Interesting, but intentionally vague. Does this mean existing species/class combos are included but perhaps unlocking new combinations through the Legacy system is for subscribers only? What if you already unlocked species in your Legacy system? Will those characters be locked unless you pay a subscription? Does this mean that even less species will be available than there are today under the F2P model? What other options are limited besides species? Had SW:TOR been build from the ground up as a F2P model, then things like species could have been offered as microtransactions. It will be interesting to see how they implement this, and how many people they piss off in the process if they remove existing functionality. If it were any other MMO, I could see them adding new species exclusive to subscribers, but given the thousands of lines of voiced dialog each species needs to be a playable race, this is unlikely. Unless they add Wookiees, and make all their dialog the same 10 subtitled Wookie growls over and over again like they did in KOTOR, adding new species is a long shot.
3. Warzones – Free players are limited in terms of how many Warzones they can play per week.
This is a fairly huge limitation, intentionally designed to get players to sub. SW:TOR is essentially WoW in space, and just like in WoW, gear is everything. PvP in SW:TOR, just as it is in World of Warcraft, is NOT fought on a level playing field. The guy with the best gear wins. The team with the best gear wins. If you only have a limited number of games per week to earn the currency needed to purchase your PvP gear, you’ll never be the guy with the best gear, meaning F2P players will always be at a disadvantage. People hate losing. People love winning. Winners will subscribe, and BioWare is counting on this. Unless you don’t care about SW:TOR’s PvP at all (like me), and have no intention of participating in it, this may bother you.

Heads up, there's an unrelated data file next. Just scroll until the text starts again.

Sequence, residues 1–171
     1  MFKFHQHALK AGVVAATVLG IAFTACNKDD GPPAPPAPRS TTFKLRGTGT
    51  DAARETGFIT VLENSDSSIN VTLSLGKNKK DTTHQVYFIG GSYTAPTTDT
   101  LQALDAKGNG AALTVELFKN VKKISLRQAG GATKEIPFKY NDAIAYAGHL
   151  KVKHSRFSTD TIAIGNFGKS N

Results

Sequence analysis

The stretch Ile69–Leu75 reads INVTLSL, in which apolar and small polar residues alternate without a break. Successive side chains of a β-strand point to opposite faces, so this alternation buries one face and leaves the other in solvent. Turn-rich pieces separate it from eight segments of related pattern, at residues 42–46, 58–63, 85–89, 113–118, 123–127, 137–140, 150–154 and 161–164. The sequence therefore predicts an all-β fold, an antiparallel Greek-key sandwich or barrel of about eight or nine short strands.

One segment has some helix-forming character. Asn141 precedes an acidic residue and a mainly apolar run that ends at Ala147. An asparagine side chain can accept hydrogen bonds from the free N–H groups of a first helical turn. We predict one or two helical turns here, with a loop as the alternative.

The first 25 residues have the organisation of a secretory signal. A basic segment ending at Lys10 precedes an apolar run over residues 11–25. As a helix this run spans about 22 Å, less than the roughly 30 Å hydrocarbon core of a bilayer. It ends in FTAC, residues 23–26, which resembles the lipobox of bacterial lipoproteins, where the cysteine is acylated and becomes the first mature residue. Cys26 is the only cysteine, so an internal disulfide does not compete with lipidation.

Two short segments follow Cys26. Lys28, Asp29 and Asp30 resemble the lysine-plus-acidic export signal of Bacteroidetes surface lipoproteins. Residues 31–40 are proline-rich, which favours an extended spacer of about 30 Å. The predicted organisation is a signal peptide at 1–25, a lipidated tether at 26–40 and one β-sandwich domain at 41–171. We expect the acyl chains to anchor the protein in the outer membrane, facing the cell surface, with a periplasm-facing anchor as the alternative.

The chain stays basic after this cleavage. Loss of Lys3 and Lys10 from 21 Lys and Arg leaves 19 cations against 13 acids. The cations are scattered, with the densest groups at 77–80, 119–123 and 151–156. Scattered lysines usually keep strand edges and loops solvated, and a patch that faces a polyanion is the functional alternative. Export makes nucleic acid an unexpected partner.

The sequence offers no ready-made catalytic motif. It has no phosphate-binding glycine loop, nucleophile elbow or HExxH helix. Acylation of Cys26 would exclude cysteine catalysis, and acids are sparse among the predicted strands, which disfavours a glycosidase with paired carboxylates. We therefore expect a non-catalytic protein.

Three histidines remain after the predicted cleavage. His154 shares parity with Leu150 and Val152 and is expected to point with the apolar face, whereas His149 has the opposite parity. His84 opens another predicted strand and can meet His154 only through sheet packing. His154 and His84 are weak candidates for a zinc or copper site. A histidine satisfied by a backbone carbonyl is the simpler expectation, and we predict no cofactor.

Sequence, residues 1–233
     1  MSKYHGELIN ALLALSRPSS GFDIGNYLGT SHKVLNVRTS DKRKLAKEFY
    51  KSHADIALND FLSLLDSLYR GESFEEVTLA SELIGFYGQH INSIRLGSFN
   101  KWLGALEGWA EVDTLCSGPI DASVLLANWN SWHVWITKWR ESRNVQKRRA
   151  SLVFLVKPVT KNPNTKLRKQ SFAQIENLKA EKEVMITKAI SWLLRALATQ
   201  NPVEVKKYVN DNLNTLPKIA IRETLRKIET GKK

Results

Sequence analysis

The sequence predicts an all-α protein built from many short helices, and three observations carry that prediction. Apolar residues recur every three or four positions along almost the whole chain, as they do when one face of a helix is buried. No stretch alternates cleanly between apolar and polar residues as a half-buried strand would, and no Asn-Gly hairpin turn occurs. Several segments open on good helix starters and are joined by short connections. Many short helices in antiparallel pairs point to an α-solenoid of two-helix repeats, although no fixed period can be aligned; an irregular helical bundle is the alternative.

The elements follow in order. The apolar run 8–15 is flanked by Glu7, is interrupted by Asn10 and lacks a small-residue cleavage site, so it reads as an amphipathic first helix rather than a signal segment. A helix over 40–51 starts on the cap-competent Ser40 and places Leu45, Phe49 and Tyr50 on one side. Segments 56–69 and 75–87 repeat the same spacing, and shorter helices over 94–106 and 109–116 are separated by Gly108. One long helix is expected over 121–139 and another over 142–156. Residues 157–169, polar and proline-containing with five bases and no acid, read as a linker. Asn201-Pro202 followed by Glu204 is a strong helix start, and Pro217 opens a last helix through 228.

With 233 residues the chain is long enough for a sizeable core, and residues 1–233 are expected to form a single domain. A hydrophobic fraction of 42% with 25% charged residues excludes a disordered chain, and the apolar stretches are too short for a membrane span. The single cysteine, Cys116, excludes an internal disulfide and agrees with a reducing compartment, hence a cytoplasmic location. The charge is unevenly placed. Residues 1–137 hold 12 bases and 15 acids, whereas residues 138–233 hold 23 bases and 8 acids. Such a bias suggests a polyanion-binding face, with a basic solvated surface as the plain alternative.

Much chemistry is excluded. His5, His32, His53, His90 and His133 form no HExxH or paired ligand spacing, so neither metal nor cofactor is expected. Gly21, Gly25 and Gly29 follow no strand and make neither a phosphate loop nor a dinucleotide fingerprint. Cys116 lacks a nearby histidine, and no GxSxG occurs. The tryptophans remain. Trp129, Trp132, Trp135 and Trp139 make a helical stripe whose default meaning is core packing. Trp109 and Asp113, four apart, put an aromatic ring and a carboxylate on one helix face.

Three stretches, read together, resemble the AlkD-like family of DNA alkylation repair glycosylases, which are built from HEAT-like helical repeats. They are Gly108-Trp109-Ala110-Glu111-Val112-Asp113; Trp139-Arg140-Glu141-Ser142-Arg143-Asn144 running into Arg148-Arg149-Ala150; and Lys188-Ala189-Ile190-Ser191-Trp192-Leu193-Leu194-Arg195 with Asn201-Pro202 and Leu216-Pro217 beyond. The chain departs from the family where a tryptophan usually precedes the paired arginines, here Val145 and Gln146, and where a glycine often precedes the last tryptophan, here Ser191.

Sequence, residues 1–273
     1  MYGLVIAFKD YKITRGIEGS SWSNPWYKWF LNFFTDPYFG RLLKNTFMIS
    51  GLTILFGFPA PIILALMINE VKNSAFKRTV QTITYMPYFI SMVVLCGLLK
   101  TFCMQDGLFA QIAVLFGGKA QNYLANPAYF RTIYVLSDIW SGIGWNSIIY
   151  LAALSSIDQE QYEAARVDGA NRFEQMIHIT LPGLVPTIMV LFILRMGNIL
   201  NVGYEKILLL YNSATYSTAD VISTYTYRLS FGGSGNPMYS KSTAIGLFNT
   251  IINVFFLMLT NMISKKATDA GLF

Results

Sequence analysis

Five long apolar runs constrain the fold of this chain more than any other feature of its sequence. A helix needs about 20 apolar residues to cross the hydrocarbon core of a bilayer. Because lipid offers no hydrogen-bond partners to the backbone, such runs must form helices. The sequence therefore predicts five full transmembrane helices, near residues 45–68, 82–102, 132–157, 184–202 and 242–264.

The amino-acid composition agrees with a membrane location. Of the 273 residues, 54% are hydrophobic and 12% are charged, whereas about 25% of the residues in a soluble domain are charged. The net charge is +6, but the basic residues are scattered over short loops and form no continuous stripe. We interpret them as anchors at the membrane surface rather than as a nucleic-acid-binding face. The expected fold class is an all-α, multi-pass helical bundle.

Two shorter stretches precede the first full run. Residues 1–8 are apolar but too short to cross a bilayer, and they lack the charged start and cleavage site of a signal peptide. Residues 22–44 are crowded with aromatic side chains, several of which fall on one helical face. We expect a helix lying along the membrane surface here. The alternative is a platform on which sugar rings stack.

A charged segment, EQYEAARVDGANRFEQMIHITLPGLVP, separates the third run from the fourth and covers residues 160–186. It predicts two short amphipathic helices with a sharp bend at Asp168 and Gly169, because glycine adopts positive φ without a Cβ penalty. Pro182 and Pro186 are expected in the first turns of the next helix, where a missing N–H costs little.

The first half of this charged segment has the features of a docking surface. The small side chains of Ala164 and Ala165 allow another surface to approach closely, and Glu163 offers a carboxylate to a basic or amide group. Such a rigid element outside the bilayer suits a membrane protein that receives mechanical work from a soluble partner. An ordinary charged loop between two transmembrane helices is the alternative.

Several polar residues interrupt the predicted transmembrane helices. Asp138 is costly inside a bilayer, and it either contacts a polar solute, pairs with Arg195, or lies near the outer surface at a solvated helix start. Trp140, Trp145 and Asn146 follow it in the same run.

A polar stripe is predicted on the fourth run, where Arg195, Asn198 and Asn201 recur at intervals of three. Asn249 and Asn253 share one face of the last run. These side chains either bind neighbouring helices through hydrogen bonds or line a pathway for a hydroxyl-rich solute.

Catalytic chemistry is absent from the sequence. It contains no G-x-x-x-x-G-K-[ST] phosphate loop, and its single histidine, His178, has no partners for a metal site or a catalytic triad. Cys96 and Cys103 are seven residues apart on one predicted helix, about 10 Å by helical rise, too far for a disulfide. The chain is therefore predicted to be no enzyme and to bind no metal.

4. Flashpoints – Free players are limited in terms of how many Flashpoints they can play per week.
The same concerns about limited Warzones apply here, with one large exception. You’ll still suffer the same gear disadvantage that your F2P PvP counterparts, but at least they’ll be able to access the “endgame” of PvP. As a PvE player, your access to Operations is completely dependent upon your subscription status. Unless you don’t care about raids at all (like me), and have no intention of participating in them, this may bother you… a lot. More on that below.
5. Space Missions – Free players are limited in terms of how many Space Missions they can play per week. Aside from being a means of picking up a few easy credits, space missions in SW:TOR were a lot like raiding, only without the prospect of new gear: static, boring and on rails. Unless they add some incredible new elements to this corner of the game, I can’t imagine anyone caring.
6. Operations – Only Subscribers may complete Operations.
ONLY SUBSCRIBERS MAY COMPLETE OPERATIONS. This validates everything I’ve said about raiding, and we’ll get to that after these last few items.